Three women at Christ's empty tomb and his appearance to Mary Magdalene are depicted in a 14th-century painting from Austria. (CNS/Erich Lessing, Art Resource, New York)
Vatican Radio comes this translation of Pope Francis’ Easter Vigil homily,
preached this evening in St. Peter’s Basilica.
Brothers and Sisters,
In the Gospel of this radiant night of the Easter Vigil, we first meet the
women who go the tomb of Jesus with spices to anoint his body (cf. Lk 24:1-3).
They go to perform an act of compassion, a traditional act of affection and
love for a dear departed person, just as we would. They had followed Jesus,
they had listened to his words, they had felt understood by him in their
dignity and they had accompanied him to the very end, to Calvary and to the
moment when he was taken down from the cross. We can imagine their feelings as
they make their way to the tomb: a certain sadness, sorrow that Jesus had left
them, he had died, his life had come to an end. Life would now go on as before.
Yet the women continued to feel love, the love for Jesus which now led them to
his tomb. But at this point, something completely new and unexpected happens,
something which upsets their hearts and their plans, something which will upset
their whole life: they see the stone removed from before the tomb, they draw
near and they do not find the Lord’s body. It is an event which leaves them
perplexed, hesitant, full of questions: “What happened?”, “What is the meaning
of all this?” (cf. Lk 24:4). Doesn’t the same thing also happen to us when
something completely new occurs in our everyday life? We stop short, we don’t
understand, we don’t know what to do. Newness often makes us fearful, including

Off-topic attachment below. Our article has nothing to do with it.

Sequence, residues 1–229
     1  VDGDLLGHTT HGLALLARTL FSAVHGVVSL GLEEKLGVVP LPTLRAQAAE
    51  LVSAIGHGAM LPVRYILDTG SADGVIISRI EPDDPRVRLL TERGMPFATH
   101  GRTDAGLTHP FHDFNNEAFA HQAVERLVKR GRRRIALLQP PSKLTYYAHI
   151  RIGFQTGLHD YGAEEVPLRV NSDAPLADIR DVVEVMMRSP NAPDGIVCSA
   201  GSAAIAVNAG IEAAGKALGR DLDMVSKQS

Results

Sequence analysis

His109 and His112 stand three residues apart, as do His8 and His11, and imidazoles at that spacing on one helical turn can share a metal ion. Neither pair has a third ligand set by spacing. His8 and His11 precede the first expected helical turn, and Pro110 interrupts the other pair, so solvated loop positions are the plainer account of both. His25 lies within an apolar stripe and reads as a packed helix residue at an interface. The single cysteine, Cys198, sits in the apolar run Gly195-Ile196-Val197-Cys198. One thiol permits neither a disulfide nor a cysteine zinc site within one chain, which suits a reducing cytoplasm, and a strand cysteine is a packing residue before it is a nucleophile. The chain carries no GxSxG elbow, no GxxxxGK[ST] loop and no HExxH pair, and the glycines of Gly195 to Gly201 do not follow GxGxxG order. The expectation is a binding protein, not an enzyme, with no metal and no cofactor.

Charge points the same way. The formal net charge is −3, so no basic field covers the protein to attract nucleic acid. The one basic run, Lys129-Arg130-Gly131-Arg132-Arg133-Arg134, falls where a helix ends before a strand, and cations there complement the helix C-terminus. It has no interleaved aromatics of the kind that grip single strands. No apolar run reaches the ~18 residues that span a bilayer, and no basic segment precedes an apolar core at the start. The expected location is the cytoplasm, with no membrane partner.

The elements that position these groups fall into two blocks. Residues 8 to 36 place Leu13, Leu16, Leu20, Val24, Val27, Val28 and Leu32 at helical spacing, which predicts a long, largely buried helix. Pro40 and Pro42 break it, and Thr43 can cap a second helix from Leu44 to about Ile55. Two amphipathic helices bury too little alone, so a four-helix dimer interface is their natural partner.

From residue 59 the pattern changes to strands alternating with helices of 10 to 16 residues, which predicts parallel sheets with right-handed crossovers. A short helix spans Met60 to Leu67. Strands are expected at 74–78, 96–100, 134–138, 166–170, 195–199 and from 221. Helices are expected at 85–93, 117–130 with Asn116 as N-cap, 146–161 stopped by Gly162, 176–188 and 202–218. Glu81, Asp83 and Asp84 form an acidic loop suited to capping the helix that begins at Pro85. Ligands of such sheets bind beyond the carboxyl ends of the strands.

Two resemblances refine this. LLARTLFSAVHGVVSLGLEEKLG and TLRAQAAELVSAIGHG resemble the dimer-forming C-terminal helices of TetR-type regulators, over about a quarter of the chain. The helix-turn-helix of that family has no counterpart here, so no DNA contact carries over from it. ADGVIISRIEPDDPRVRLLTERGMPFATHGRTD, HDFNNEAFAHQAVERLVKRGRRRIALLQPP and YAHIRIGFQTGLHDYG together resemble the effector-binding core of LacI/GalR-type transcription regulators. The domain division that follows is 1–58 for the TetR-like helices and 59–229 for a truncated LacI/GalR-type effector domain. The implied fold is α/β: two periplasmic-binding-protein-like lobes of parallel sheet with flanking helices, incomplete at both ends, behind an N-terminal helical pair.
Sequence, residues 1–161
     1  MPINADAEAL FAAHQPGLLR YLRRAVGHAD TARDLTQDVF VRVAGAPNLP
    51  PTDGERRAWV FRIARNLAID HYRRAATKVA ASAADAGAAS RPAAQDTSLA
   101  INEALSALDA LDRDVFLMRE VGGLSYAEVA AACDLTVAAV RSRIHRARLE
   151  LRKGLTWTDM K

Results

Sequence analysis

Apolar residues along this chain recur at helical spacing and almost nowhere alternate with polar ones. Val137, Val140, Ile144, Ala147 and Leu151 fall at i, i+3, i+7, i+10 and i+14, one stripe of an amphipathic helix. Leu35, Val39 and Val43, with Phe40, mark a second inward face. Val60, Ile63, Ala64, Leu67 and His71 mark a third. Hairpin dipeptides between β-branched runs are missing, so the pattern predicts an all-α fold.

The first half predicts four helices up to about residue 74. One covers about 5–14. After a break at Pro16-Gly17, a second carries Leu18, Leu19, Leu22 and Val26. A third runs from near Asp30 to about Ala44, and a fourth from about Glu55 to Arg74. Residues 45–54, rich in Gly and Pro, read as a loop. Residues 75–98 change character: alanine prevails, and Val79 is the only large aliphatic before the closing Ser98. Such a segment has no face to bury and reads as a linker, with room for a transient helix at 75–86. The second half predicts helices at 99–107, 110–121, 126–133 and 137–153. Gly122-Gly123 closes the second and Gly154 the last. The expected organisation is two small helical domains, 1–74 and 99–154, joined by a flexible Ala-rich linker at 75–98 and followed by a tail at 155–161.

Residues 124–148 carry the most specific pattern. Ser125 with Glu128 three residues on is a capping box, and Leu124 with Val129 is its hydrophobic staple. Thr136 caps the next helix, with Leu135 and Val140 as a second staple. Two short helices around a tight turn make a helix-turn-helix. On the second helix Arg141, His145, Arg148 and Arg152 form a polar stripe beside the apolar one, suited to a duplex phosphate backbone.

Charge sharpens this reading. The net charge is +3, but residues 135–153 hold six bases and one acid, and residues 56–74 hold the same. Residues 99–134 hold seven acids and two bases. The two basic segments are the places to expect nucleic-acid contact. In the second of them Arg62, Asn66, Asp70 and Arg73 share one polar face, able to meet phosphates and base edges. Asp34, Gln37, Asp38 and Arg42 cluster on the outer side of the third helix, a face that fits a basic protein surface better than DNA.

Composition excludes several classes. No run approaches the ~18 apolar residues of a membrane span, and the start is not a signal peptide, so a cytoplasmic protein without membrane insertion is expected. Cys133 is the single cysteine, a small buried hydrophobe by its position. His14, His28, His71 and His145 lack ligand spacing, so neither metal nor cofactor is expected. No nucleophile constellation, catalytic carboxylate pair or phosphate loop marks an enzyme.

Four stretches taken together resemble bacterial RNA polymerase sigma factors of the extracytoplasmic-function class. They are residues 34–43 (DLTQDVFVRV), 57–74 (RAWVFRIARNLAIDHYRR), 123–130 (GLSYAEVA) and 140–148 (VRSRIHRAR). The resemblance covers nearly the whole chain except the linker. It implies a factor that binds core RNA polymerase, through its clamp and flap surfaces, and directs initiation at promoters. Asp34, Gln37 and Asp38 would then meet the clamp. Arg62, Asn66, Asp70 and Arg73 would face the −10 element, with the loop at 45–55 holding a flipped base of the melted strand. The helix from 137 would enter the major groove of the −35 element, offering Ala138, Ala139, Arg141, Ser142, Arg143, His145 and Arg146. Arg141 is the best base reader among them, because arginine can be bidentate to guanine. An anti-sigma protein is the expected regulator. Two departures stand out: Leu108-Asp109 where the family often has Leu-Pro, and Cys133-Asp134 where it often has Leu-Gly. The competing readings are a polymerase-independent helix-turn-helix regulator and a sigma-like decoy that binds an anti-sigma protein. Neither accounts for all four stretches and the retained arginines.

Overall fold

the newness which God brings us, the newness which God asks of us. We are like
the Apostles in the Gospel: often we would prefer to hold on to our own
security, to stand in front of a tomb, to think about someone who has died,
someone who ultimately lives on only as a memory, like the great historical
figures from the past. We are afraid of God’s surprises; we are afraid of God’s
surprises! He always surprises us!
brothers and sisters, let us not be closed to the newness that God wants to
bring into our lives! Are we often weary, disheartened and sad? Do we feel
weighed down by our sins? Do we think that we won’t be able to cope? Let us not
close our hearts, let us not lose confidence, let us never give up: there are
no situations which God cannot change, there is no sin which he cannot forgive
if only we open ourselves to him.
But let us return to the Gospel, to the women, and take one step further. They
find the tomb empty, the body of Jesus is not there, something new has
happened, but all this still doesn’t tell them anything certain: it raises
questions; it leaves them confused, without offering an answer. And suddenly
there are two men in dazzling clothes who say: “Why do you look for the living
among the dead? He is not here; but has risen” (Lk 24:5-6). What was a simple
act, done surely out of love going to the tomb has now turned into an
event, a truly life-changing event. Nothing remains as it was before, not only